1. Limited time only! Sign up for a free 30min personal tutor trial with Chegg Tutors
    Dismiss Notice
Dismiss Notice
Join Physics Forums Today!
The friendliest, high quality science and math community on the planet! Everyone who loves science is here!

Homework Help: Concept Question

  1. Oct 30, 2007 #1
    [SOLVED] Concept Question

    1. The problem statement, all variables and given/known data

    Q2: Suppose rain falls vertically into an open cart which is rolling along a straight track with negligible friction. The speed of the cart

    a. increases
    b. decreases
    c. doesn't change

    Q2: Now that the cart is full of water, you poke a hole in the bottom and the water drains out. What happens?

    2. Relevant equations
    change in momentum=mv(final)-mv(initial)

    3. The attempt at a solution

    For the first question I was able to reason out the the speed of the cart decreases.

    For the second question I've hypothesized that the speed increases as the weight decreases.

    Could someone please verify if i'm correct or not, and attempt to direct me in the correct direction?


    [Posted by via http://webwarper.net This is added while posting a message to avoid misuse.
    Try: http://webwarper.net/webwarper.exe Example of viewing: http://www.webwarper.net/ww/~av/www.physicsforums.com/login.php ]
  2. jcsd
  3. Oct 30, 2007 #2
    You are correct. :)

    Think about conservation of momentum. Your momentum stays constant, so if m goes up then v must go down. Similarly, if m goes down then v must go up.
  4. Oct 30, 2007 #3
    Assuming ideal and symmetric situations, your answer doesn't look good to me!
    Suggestion: If you are trying to apply conservation of linear momentum, take care of what is your system. (Initial and final system should be same.) Not that, initially you are considering cart full of water and finally just the cart (without water!).
  5. Oct 30, 2007 #4
    I mean, if water is flowing out, take that also in account! (Note hole is at the bottom!)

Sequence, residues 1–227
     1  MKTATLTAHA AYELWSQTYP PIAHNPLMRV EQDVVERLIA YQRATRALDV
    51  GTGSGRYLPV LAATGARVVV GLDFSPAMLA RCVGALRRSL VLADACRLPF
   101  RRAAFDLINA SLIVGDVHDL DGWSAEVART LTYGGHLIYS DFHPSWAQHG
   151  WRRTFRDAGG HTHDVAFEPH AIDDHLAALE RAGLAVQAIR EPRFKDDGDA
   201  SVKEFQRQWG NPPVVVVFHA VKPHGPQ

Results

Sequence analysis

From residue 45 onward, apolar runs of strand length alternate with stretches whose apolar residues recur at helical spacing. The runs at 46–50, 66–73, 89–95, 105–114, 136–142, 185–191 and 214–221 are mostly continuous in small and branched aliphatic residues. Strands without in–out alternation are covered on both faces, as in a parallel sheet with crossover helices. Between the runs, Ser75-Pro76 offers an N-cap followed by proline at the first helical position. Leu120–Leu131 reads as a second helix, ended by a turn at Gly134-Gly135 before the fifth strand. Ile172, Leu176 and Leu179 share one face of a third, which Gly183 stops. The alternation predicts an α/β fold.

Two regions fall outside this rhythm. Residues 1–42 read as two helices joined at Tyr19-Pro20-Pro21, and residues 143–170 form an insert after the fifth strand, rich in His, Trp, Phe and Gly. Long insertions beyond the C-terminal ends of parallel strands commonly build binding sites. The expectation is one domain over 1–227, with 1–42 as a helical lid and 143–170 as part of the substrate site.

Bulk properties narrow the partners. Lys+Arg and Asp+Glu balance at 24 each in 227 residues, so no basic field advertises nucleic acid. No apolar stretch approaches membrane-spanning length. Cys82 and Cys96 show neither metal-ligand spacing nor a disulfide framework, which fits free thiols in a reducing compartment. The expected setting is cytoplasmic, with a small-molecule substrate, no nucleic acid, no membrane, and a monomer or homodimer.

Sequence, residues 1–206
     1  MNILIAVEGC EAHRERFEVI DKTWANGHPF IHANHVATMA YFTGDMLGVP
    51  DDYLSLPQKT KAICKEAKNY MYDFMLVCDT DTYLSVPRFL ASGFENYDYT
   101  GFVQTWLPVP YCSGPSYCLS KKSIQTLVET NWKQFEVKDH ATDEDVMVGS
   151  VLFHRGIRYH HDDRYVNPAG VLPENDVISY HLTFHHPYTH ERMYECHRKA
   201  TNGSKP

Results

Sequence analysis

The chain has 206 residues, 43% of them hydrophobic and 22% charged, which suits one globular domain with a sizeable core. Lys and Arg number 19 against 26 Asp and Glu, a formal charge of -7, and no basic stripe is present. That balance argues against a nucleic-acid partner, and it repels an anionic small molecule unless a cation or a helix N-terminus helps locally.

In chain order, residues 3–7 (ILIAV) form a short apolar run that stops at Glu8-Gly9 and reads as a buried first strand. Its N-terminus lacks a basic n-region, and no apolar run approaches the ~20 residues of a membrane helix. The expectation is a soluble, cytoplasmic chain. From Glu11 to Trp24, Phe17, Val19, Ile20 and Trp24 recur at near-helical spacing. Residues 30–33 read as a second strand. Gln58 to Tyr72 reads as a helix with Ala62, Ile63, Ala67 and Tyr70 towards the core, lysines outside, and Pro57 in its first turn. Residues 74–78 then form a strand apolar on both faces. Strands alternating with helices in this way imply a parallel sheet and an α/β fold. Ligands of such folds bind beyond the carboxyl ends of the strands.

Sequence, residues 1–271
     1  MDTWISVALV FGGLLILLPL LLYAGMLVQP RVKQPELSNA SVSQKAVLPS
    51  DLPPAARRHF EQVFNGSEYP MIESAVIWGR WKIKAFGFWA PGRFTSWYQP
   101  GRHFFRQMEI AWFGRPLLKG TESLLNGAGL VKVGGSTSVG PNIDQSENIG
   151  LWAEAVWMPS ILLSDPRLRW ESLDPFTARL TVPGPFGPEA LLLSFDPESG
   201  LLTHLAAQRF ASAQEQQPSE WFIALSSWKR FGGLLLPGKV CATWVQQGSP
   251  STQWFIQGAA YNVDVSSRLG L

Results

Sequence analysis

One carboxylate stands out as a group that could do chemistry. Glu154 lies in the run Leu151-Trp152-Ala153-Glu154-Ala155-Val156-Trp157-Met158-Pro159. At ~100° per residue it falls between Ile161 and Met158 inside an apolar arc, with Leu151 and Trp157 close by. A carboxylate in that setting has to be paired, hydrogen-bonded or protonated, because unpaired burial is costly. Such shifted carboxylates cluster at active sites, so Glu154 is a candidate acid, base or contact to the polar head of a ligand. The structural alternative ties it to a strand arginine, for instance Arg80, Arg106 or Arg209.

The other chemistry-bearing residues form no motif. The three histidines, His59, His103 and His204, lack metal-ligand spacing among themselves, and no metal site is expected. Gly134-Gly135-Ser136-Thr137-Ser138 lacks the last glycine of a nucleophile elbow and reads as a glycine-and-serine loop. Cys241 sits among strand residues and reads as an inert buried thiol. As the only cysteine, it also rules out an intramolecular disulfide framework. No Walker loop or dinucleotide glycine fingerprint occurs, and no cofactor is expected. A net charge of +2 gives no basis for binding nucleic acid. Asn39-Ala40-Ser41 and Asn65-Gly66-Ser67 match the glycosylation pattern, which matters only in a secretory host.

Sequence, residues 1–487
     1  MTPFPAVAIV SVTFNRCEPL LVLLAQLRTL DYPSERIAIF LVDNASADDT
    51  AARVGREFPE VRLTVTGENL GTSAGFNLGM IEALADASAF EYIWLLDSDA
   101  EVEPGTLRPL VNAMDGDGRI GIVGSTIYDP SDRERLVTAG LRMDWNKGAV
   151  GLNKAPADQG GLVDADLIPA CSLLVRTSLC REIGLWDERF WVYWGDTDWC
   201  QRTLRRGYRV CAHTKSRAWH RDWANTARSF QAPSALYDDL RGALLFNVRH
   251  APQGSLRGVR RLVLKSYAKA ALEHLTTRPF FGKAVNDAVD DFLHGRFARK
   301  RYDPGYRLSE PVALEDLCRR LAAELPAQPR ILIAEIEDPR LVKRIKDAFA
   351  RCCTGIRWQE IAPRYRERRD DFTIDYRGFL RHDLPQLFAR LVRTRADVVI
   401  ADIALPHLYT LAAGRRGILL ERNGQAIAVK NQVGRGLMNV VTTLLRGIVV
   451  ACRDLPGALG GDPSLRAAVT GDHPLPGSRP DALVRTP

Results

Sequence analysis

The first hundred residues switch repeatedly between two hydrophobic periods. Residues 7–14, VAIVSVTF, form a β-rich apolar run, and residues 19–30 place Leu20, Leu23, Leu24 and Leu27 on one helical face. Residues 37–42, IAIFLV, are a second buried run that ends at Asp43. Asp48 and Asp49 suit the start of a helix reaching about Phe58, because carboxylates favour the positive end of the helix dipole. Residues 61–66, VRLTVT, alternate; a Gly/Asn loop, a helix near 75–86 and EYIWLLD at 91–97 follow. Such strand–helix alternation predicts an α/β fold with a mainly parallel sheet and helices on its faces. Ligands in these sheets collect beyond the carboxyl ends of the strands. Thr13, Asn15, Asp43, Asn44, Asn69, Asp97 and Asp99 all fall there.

6. Oct 30, 2007 #5


    User Avatar
    Science Advisor
    Homework Helper

    Not correct (not you saket, the OP and mindscrape). Conservation of momentum again. m(initial)*v(initial)=m(leaked)*v(leaked)+m(final)*v(final). m(final)=m(initial)-m(leaked). v(initial)=v(leaked). What does this tell you about v(final)? I should know this one. I made an ass of myself by overly complicating it and giving a wrong answer a few days ago.
    Last edited: Oct 30, 2007
  7. Oct 30, 2007 #6
    If the hole is at the bottom the water's momentum isn't contributing to the momentum in the x-direction. So it would be [itex]m_0 v_0 = m_f v_f[/itex] where [itex]m_f = m_0 - m_l[/itex], so then [itex]v_f = \frac{m_0 v_0}{m_0 - m_l}[/itex]. Since [itex]m_0 - m_l [/itex] is less than [itex]m_0[/itex] then the velocity will increase. Am I missing something?
  8. Oct 30, 2007 #7


    User Avatar
    Science Advisor
    Homework Helper

    Yes. You have three mass values and only two terms in your conservation of momentum equation. What's the relation between the initial velocity and the missing term? You are leaking momentum. I already confessed to breaking into an already resolved thread and insisting we have to use F=dp/dt. And doing it wrong. Ask learningphysics. Review my previous post.
  9. Oct 31, 2007 #8
    Hah, maybe I'm about to learn something, or be embarrassed, or both, but I really don't see why we care about the water's momentum if it is orthogonal to the carts momentum. I don't get it in the sense of vectors. Are you guys talking about the total momentum, the magnitude of momentum? If so, I am assuming (and maybe wrongly) that the problem wants to consider just the one component. If that still doesn't clear it up then I am severely humbled and I have to come with some excuse why I am an idiot.
  10. Oct 31, 2007 #9


    User Avatar
    Science Advisor
    Homework Helper

    Right. You DON'T care about the momentum component of the leaking water that's orthogonal to the carts momentum. You DO care about the momentum of the leaking water that parallel to the carts momentum. The carts momentum isn't constant as it leaks because the leaking water shares the forward velocity of the cart. For it not to do that, the cart would have to spray the water backwards with velocity equal to that of it's forward motion. But then it wouldn't be called a leak. It would be called a 'jet'.
  11. Oct 31, 2007 #10
    Just one thing: as the hole is at the bottom, even if it was a 'jet', it doesnt matter. (I am assuming, 'jet' is along the area vector of the hole.)
    The direction of motion of the cart: call it X.
    The water which is just about to be "leaked", has a velocity component equal to the cart's speed in X-direction. As it leaves through the hole, there is no impulse acting on it in X-direction (we are neglecting any air drag), so it's velocity component along X-direction would remain same.
    I hope it helps.
Share this great discussion with others via Reddit, Google+, Twitter, or Facebook